Everyone loves applause—especially politicians. Yet leadership in difficult times often requires making decisions that don’t draw applause. It means having the independence to stand up for everybody, not just the loudest voices or the most powerful groups. When leaders have the independence to tell those groups what they don’t want to hear, it threatens the status quo. And threatened people yell.
So, let’s take a breath, hit the “pause” button on the yelling, and start where we all agree.
First, San Jose needs more police officers.
In August of this year, Mayor Reed and I proposed a strategy to help put 200 more cops on the street. This strategy focuses on identifying scarce funds to boost hiring of new officers, and to increase police pay sufficiently to stem the rate of officer departures to higher-paying cities. On Sept. 3, the Council voted 10-1 to move forward with this approach.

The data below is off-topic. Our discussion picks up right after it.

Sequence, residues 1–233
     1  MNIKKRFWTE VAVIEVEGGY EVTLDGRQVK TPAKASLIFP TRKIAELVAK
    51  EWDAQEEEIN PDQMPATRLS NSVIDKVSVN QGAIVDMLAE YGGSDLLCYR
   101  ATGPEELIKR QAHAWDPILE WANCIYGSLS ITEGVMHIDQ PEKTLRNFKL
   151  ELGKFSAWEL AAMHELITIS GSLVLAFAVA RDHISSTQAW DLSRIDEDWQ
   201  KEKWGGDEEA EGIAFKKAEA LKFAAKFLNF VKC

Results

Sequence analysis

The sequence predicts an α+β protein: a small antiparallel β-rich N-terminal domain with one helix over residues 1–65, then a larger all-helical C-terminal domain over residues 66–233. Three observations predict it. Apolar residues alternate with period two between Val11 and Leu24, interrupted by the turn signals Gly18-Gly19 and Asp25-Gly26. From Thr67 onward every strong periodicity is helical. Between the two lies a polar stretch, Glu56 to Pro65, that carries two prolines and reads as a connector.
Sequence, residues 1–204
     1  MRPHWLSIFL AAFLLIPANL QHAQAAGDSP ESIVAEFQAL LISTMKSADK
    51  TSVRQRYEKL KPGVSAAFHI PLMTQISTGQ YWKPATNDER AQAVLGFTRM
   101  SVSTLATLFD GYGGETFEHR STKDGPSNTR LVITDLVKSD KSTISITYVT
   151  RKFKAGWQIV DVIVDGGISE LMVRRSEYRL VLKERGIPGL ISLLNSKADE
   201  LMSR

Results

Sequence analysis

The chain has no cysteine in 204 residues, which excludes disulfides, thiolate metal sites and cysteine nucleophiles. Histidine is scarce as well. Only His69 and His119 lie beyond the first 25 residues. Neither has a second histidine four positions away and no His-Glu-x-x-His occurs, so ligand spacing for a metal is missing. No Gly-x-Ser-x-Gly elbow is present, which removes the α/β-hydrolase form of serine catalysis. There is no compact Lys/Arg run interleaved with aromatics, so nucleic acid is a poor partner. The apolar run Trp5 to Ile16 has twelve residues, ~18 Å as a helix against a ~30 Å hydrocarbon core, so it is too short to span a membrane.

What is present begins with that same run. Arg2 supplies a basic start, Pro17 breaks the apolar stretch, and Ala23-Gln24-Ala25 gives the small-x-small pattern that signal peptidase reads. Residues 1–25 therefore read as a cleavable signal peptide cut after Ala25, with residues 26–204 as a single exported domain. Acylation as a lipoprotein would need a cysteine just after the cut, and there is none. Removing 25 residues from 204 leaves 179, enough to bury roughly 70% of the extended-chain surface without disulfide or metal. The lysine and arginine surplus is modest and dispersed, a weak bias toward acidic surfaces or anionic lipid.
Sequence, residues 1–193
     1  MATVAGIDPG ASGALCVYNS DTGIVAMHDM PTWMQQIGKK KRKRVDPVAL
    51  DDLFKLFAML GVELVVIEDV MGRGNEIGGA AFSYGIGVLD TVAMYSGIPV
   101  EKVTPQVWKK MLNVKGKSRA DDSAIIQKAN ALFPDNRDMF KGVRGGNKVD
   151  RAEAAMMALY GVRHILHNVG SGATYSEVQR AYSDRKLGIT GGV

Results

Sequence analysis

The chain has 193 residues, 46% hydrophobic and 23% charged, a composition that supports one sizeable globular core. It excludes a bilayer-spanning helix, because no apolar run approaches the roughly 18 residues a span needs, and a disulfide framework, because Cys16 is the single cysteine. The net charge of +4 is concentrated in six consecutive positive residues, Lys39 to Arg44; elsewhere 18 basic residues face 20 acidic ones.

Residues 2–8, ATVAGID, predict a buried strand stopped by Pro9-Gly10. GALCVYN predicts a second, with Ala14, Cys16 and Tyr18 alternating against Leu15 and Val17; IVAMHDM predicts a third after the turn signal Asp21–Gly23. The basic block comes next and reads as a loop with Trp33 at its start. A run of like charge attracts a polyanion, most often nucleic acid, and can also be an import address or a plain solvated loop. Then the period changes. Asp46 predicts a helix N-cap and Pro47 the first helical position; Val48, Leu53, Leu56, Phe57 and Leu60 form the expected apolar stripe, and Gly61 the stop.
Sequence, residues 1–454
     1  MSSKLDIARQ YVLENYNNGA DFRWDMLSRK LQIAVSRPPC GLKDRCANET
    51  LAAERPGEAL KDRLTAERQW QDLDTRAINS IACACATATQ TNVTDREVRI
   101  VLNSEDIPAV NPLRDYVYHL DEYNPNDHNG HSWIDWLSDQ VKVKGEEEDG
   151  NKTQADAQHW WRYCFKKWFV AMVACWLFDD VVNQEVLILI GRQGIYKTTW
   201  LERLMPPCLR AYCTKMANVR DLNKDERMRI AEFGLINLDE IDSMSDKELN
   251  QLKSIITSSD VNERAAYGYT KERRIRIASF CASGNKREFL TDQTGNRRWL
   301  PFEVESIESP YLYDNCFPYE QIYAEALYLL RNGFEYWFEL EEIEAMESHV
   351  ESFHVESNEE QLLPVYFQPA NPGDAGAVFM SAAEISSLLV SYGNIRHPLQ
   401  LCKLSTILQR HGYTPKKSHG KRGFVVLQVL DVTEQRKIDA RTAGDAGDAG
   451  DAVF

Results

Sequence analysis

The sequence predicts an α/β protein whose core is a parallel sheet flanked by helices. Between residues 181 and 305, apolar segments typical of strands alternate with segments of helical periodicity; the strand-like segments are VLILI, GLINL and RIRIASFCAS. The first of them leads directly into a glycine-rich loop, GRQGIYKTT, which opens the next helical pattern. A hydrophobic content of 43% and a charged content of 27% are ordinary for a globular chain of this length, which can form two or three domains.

Unremarkable, isn’t it?
The loudest voices say otherwise.. Last week, the San Jose Police Officers’ Association (POA) launched a petition accusing me of having all kinds of unappealing attributes (some of which, my mother alleges, are inaccurate), and spent thousands in Facebook ads. (Mom objected again, urging me to improve my posture on camera.) Two days later, on this website, Councilmember Ash Kalra launched a diatribe repeating many of the POA’s arguments. (My Mom didn’t read it but wishes we’d all stop the arguing and hurry up and have grandchildren.)
We all agree on the need to add cops, and we agree on the need to increase pay to keep them. So, why the anger and accusations from the police union and their political proxies?
Simply, this isn’t a debate over how to hire more officers. This is a resumption of the continuing battles about our tax dollars: how we spend them, how much, and who gets to decide.